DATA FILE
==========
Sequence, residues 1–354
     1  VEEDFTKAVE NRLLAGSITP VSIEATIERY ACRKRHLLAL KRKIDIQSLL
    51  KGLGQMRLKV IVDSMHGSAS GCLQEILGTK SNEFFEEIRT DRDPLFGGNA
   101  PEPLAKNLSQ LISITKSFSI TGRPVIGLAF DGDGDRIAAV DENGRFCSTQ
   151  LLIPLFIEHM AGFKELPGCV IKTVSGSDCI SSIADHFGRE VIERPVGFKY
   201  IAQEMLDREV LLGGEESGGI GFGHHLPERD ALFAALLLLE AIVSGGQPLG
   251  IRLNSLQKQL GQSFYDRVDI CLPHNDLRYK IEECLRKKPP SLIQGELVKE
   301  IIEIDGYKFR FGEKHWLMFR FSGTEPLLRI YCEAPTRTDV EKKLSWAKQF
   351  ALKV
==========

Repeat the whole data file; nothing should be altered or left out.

Sequence, residues 1–354
     1  VEEDFTKAVE NRLLAGSITP VSIEATIERY ACRKRHLLAL KRKIDIQSLL
    51  KGLGQMRLKV IVDSMHGSAS GCLQEILGTK SNEFFEEIRT DRDPLFGGNA
   101  PEPLAKNLSQ LISITKSFSI TGRPVIGLAF DGDGDRIAAV DENGRFCSTQ
   151  LLIPLFIEHM AGFKELPGCV IKTVSGSDCI SSIADHFGRE VIERPVGFKY
   201  IAQEMLDREV LLGGEESGGI GFGHHLPERD ALFAALLLLE AIVSGGQPLG
   251  IRLNSLQKQL GQSFYDRVDI CLPHNDLRYK IEECLRKKPP SLIQGELVKE
   301  IIEIDGYKFR FGEKHWLMFR FSGTEPLLRI YCEAPTRTDV EKKLSWAKQF
   351  ALKV